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For reference, here are the seven patents in question.

7,634,504 - Natural Language Installer Set Up for Controller (http://www.google.com/patents/US7634504) - The claims really are as broad as the title implies, claiming to cover any system that presents the user questions in natural language, allows the user to select among multiple choices, and then modifies the HVAC settings based on their response.

7,142,948 - Controller Interface with Dynamic Schedule Display (http://www.google.com/patents/US7142948) - Claims to cover any controller that can change temperature from one temperature to a second temperature, while displaying an ETA for reaching the second temperature.

7,584,899 - HVAC Controller (http://www.google.com/patents/US7584899) - Claims the idea of having a movable housing over a display that, when rotated, changes an HVAC-system parameter that is reflected on that display.

7,159,789 - Thermostat with Mechanical User Interface (http://www.google.com/patents/US7159789) - A rotatable selector with several selectable positions, and a potentiometer. For an HVAC system.

7,159,790 - Thermostat with Offset Drive (http://www.google.com/patents/US7159790) - Some more rotatable-selector inventions, involving linking mechanical position and electrical signals.

7,476,988 - Power Stealing Control Devices (http://www.google.com/patents/US7476988) - Something to do with switching between primary and secondary power sources. My EE is too rusty to figure out exactly what this one is claiming without spending more time than I'd like on it.

6,975,958 - Profile Based Method for Deriving a Temperature Setpoint Using a 'Delta' Based On Cross-Indexing a Received Price-Point Level Signal (http://www.google.com/patents/US6975958) - Claim 1 is even broader than the title, claiming to have invented and patented the idea of adjusting an HVAC system's setpoints based on communicating with a remote host.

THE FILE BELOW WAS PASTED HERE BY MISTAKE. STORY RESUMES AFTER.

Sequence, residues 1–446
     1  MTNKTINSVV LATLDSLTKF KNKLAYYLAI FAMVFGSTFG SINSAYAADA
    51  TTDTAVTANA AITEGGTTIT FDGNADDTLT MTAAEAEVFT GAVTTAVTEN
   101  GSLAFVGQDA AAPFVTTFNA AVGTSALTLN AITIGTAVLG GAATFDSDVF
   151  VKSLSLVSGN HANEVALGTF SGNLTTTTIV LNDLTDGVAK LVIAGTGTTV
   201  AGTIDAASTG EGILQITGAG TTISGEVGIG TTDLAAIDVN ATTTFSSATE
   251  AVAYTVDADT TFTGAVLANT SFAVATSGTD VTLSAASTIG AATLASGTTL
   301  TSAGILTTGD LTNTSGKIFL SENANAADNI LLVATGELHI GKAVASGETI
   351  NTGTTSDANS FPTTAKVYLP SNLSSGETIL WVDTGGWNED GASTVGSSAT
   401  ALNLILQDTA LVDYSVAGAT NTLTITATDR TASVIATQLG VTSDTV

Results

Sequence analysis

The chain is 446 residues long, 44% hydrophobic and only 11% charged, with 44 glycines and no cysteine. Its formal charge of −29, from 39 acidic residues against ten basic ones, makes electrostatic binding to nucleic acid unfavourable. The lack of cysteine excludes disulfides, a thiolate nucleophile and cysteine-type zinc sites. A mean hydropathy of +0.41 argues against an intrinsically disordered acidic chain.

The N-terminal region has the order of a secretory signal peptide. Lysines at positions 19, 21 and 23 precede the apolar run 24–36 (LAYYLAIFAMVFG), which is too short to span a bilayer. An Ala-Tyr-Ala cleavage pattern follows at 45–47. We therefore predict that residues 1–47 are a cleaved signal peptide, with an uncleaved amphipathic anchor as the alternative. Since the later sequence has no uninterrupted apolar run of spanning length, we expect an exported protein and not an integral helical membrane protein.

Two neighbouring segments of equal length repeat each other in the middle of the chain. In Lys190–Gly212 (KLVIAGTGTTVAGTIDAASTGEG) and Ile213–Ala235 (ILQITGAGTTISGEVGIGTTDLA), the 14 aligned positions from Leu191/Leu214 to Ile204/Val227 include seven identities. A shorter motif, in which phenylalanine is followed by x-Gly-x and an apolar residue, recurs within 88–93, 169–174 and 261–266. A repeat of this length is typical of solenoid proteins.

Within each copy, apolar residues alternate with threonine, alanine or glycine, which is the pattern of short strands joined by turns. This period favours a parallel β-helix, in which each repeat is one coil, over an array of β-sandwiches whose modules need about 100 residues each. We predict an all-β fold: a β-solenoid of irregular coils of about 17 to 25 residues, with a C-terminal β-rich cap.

They strongly have the flavor of taking some standard control method (rotating knobs attached to potentiometers, 1950s-style feedback control & rate prediction), tacking on "for an HVAC system", and deeming the result, which applies standard control techniques in the obvious way to the domain, an "invention".

Goes to show that it's not just software patents that can be utterly ridiculous in their breadth... Here we seem to have half a dozen examples of the one-click patent applied to thermostats.

The sheer amount of obvious non-innovations that the patent office accepts is staggering.

Anecdotal personal experience being part of patent applications has showed me that almost any idea, as long as there are no mainstream examples of prior art, can be patented given time (will take 4-5 years these days) and money. Most decently smart people will come up with patentable ideas all the time, just doing their job, but won't file because they don't have the desire or resources (and don't understand why their only somewhat-novel obvious-to-them idea is patentable).

"The idea that I can be presented with a problem, set out to logically solve it with the tools at hand, and wind up with a program that could not be legally used because someone else followed the same logical steps some years ago and filed for a patent on it is horrifying." - John Carmack

It's as if patents serve to stop innovation from happening rather than help make it happen, more often than not.